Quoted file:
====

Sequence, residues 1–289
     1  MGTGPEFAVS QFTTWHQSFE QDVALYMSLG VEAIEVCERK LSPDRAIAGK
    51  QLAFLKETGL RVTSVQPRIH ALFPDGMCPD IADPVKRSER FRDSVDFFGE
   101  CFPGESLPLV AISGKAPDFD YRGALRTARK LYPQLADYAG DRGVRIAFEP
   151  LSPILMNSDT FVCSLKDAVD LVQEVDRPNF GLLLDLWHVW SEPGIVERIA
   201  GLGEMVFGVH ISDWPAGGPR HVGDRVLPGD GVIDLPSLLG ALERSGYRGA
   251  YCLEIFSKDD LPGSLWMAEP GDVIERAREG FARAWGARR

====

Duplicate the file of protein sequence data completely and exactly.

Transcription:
Sequence, residues 1–289
     1  MGTGPEFAVS QFTTWHQSFE QDVALYMSLG VEAIEVCERK LSPDRAIAGK
    51  QLAFLKETGL RVTSVQPRIH ALFPDGMCPD IADPVKRSER FRDSVDFFGE
   101  CFPGESLPLV AISGKAPDFD YRGALRTARK LYPQLADYAG DRGVRIAFEP
   151  LSPILMNSDT FVCSLKDAVD LVQEVDRPNF GLLLDLWHVW SEPGIVERIA
   201  GLGEMVFGVH ISDWPAGGPR HVGDRVLPGD GVIDLPSLLG ALERSGYRGA
   251  YCLEIFSKDD LPGSLWMAEP GDVIERAREG FARAWGARR